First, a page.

Air India served default notices by banks, aircraft lessors

Air India, which failed to sell off its assets to pay up mounting debt, has now been served default notices by lenders and aircraft lessors, raising the prospects of the Maharaja going bankrupt like Liquor baron Vijay Mallya’s Kingfisher Airlines.

Reports say, at least three lenders and two aircraft leasing firms have issued notices to the airline over the last few weeks after the debt-laden the national carrier missed out on payment of dues in time.
A report in the Business Standard citing unidentified sources said at least three creditors, including US-based Wells Fargo Trust Services and UAE’s Dubai Aerospace Enterprise (DAE) have sent letters of demand for pending rental payments.
Neither San Francisco, United States-based Wells Fargo Trust Services nor UAE's state-owned Dubai Aerospace Enterprise (DAE) issued any clarification on the reports.
Three lenders from a 22-bank consortium are reported to have also written to Air India, raising concerns that the company is turning into a non-performing asset, the report said.
Meanwhile, the government has been maintaining that it would continue to support the loss-making airline's financial requirements while it works on alternatives. Minister of state for civil aviation Jayant Sinha, however, did not give a specific timeline for a new plan.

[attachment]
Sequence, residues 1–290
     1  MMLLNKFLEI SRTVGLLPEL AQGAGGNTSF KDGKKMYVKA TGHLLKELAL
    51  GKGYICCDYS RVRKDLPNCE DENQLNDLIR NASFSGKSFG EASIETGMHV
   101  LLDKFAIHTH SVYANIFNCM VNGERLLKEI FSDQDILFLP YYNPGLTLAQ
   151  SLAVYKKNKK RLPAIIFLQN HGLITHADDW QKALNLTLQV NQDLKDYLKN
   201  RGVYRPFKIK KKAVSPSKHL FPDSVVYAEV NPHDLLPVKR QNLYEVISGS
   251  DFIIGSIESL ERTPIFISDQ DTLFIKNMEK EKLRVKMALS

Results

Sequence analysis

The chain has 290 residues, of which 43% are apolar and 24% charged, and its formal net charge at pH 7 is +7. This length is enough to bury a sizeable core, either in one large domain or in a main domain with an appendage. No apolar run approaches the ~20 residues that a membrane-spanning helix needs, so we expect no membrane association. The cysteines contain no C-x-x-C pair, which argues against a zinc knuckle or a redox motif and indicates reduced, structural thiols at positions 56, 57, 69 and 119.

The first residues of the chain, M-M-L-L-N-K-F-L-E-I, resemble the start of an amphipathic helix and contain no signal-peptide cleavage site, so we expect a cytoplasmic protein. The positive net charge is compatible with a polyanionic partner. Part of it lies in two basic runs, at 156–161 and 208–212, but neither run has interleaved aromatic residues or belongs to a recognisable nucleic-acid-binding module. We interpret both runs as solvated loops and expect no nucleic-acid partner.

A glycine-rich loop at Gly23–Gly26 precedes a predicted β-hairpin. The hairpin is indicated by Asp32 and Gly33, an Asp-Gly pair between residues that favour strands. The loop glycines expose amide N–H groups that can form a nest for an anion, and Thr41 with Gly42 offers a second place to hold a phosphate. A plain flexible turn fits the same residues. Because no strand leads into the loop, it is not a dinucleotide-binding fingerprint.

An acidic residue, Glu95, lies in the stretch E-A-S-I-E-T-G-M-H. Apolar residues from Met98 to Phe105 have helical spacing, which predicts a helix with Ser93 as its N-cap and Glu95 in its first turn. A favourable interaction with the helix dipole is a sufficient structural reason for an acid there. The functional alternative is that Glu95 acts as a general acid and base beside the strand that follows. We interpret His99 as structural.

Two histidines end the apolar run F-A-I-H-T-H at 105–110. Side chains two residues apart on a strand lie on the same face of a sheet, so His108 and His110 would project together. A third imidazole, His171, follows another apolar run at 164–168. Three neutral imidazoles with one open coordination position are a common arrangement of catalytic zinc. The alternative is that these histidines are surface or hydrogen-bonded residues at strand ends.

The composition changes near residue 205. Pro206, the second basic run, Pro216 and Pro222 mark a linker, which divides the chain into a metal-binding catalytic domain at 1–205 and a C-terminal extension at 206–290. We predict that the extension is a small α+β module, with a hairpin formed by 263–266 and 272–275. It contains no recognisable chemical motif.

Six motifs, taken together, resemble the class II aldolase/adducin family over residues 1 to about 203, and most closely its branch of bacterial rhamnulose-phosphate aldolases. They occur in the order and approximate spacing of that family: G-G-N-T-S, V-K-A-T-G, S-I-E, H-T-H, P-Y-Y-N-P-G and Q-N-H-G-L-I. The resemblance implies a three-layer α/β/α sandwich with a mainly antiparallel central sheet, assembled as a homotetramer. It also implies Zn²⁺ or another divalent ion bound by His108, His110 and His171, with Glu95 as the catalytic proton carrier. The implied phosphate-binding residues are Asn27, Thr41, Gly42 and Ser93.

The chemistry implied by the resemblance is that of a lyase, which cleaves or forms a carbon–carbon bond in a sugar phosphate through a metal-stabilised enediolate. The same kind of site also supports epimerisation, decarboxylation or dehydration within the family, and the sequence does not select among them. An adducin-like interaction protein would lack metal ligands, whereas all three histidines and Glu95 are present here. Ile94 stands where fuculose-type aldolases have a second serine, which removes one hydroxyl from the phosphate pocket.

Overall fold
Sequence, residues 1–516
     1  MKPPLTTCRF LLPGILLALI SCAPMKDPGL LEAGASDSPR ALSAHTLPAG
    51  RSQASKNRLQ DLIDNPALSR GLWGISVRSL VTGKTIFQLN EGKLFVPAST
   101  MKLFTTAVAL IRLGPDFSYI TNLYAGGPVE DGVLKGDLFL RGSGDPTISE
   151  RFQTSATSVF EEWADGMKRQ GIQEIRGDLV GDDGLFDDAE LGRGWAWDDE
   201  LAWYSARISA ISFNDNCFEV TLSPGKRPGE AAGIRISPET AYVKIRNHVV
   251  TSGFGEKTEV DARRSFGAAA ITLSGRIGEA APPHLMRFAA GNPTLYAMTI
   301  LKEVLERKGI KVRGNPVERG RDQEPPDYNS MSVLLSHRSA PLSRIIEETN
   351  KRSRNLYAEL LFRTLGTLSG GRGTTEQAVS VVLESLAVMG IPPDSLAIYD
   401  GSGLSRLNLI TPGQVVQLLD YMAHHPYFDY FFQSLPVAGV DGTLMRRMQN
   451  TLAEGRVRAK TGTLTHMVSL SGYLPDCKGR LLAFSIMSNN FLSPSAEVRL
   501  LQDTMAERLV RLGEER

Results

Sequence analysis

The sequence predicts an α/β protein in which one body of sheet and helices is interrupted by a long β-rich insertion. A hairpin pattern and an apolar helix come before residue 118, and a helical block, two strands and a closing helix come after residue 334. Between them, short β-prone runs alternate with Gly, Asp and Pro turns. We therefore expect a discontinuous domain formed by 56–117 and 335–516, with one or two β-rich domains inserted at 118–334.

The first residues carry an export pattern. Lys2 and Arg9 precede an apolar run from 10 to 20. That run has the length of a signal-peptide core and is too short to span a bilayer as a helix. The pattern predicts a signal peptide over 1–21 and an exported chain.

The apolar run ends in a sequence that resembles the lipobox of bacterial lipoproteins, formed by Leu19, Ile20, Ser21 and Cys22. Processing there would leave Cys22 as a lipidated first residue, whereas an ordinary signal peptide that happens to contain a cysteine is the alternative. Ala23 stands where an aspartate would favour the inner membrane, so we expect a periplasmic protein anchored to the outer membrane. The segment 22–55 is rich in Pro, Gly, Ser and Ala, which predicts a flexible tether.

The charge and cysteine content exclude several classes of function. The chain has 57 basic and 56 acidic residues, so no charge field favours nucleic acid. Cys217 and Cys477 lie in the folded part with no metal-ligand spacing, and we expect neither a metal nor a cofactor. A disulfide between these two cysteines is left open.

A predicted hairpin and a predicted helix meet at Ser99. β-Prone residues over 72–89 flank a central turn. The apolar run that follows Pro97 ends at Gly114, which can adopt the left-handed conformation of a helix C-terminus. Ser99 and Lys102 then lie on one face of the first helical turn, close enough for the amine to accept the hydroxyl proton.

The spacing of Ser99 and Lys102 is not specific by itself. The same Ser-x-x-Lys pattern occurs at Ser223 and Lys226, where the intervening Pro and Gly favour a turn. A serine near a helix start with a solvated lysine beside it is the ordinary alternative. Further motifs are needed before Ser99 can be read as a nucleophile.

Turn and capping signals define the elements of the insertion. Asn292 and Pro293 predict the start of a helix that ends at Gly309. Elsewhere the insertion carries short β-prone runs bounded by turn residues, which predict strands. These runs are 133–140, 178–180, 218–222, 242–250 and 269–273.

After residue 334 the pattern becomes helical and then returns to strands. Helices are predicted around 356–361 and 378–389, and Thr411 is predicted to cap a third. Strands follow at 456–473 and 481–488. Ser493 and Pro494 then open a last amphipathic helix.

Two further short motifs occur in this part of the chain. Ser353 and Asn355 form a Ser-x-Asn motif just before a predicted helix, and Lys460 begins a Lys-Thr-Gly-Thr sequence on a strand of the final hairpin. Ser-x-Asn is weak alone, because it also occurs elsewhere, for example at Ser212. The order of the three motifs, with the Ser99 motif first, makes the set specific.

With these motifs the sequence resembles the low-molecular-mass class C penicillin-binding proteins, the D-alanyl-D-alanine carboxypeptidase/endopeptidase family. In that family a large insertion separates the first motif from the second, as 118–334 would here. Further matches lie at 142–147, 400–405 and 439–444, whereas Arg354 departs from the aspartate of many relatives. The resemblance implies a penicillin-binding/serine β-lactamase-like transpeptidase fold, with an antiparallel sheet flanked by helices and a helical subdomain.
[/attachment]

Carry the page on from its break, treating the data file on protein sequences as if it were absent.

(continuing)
The government has so far not infused the necessary cash into the airline after the failed privatisation process.
Air India has so far received Rs27,195.21 crore of equity infusion till date from the government under the turnaround and financial restructuring plans approved back in 2012. The state-owned airline received an equity infusion of Rs650 crore up to June this fiscal, Sinha told the Lok Sabha earlier last week.
“The TAP or FRP includes budgetary support amounting to Rs30,231 crore spread over 10 years, ie, up to FY 2020-21 and also equity support for the payment of principal or interest of the non-convertible debentures. “Air India has received an equity infusion of Rs 27,195.21 crore till date,” Jayant Sinha had said.
At the end of March 2017, the national carrier had a debt burden of more than Rs 48,000 crore.